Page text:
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Expand chart
Data: Kurz et al. 2018; Chart: Naema Ahmed and Harry Stevens/Axios

When Generation X was the age of millennials, they had significantly more financial assets — more even than the Boomer generation before them, according to a new report by the Federal Reserve Bank.

If any generation could be called "entitled," it might have been Gen Xers — if it weren't for the typically large debt that ultimately crushed their chances of wealth.

  • The economic environment in the years immediately before the financial crash made it easy for young adults at the time — members of Generation X, born from 1965 to 1980 — to buy homes, cars and other properties, and to invest in stocks.
  • But when you subtract the average Gen Xer's debt — mostly the easy-to-obtain mortgages — they weren't much better off than young Boomers before them, Bill Emmons, assistant vice president at the Fed in St. Louis, tells Axios.

By the numbers: More than half of Gen Xers owned homes when they were 21 to 36, around the age of millennials today. Just 33.9% of the same age group in 2016 owned homes, the Fed said.

  • Young Gen Xers were also more likely to own stock at that age than millennials or boomers, at 28%, compared with 15% and 14%, respectively.
  • Millennials lacked the same financial opportunity to buy homes as Gen Xers at their age, and "as house prices have grown, they haven't been able to cash into that in the same way," said Lowell Rickets, of the St. Louis Fed's Center for Household Financial Stability.
  • But even with the student debt crisis, millennial median and average debt is less than that of the generation before them when they were the same age, according to the report.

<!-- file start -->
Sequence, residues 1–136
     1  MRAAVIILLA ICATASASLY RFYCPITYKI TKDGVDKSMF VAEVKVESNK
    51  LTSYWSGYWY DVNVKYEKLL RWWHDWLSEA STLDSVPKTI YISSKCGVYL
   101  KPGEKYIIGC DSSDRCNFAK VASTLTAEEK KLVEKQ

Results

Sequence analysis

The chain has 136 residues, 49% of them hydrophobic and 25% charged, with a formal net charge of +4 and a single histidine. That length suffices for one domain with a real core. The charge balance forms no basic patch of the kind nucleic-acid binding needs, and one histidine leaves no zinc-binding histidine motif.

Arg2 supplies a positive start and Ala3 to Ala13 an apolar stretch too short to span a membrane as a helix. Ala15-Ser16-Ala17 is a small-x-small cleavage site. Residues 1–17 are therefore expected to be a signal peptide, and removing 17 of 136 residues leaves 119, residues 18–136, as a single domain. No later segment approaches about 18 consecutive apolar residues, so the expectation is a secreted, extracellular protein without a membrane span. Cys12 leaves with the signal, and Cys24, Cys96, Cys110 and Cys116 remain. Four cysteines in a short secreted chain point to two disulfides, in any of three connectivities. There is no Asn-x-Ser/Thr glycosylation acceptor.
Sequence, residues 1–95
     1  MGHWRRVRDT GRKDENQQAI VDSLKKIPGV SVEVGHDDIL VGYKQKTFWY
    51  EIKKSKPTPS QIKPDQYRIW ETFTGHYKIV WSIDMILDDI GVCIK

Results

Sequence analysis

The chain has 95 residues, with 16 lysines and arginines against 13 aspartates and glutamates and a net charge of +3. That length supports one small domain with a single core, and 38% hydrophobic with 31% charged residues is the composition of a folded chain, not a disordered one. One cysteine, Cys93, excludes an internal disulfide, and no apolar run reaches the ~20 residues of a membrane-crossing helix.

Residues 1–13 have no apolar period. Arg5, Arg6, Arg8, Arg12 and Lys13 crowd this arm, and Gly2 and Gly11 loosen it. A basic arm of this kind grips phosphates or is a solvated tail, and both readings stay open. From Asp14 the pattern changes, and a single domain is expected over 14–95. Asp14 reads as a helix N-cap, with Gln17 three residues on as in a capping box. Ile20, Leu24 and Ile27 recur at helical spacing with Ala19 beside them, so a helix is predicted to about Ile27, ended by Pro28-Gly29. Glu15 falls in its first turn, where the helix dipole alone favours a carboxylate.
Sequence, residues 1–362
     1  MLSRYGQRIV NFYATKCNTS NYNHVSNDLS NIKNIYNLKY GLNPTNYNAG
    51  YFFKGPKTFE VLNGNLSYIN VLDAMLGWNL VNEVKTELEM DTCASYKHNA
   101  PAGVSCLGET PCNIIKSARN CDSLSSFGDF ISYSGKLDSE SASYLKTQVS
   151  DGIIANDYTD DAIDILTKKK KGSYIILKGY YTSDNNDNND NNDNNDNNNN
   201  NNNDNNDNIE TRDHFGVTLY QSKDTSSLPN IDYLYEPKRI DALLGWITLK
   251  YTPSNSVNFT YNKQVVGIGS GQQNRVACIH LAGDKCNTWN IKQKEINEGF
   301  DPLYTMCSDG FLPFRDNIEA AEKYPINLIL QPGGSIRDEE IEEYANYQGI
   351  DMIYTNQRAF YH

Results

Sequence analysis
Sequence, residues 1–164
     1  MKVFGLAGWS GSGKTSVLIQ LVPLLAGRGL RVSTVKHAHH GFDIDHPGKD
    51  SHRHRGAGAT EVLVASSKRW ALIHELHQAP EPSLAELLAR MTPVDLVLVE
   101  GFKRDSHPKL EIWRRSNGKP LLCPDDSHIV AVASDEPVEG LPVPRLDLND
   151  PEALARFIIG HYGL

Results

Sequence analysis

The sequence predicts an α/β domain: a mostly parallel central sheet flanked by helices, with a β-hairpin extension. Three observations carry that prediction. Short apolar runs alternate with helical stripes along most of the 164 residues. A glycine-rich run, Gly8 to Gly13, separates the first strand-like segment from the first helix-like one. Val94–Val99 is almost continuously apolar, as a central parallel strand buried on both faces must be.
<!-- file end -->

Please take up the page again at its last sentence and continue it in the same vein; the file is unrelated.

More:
The bottom line: With the financial crash, the investments that Gen Xers made when they were young still haven't really paid off, according to Emmons, and ultimately left them worse off.

Millennials may not bear the same risk as Gen Xers did, but they are still having trouble accumulating wealth, partly because of student debt.

Go deeper

The week the Trump show ended

Data: NewsWhip; Chart: Andrew Witherspoon/Axios

Donald Trump was eclipsed in media attention last week by President Biden for the first time since Trump took office, according to viewership data on the internet, on social media and on cable news.

Why it matters: After Trump crowded out nearly every other news figure and topic for five years, momentum of the new administration took hold last week and the former president retreated, partly by choice and partly by being forced off the big platforms.

Pay TV's bleak post-pandemic outlook

Data: eMarketer; Chart: Axios Visuals

The pandemic has taken a huge toll on the Pay-TV industry, and with the near-term future of live sports in question, there are no signs of it getting better in 2021.

Why it matters: The fraught Pay-TV landscape is forcing some smaller, niche cable channels out of business altogether.

1 hour ago - World

Biden sets his sights on China

Photo illustration: Eniola Odetunde/Axios. Photo: Frederic J. Brown/Getty Images  

The new administration's first few moves and statements on China suggest that President Biden may continue some of the Trump era's most assertive policies.

Why it matters: China's severe domestic repression, its dramatic rise as a technological superpower, and its increasingly aggressive actions around the globe mean that the world expects the American president to take action.

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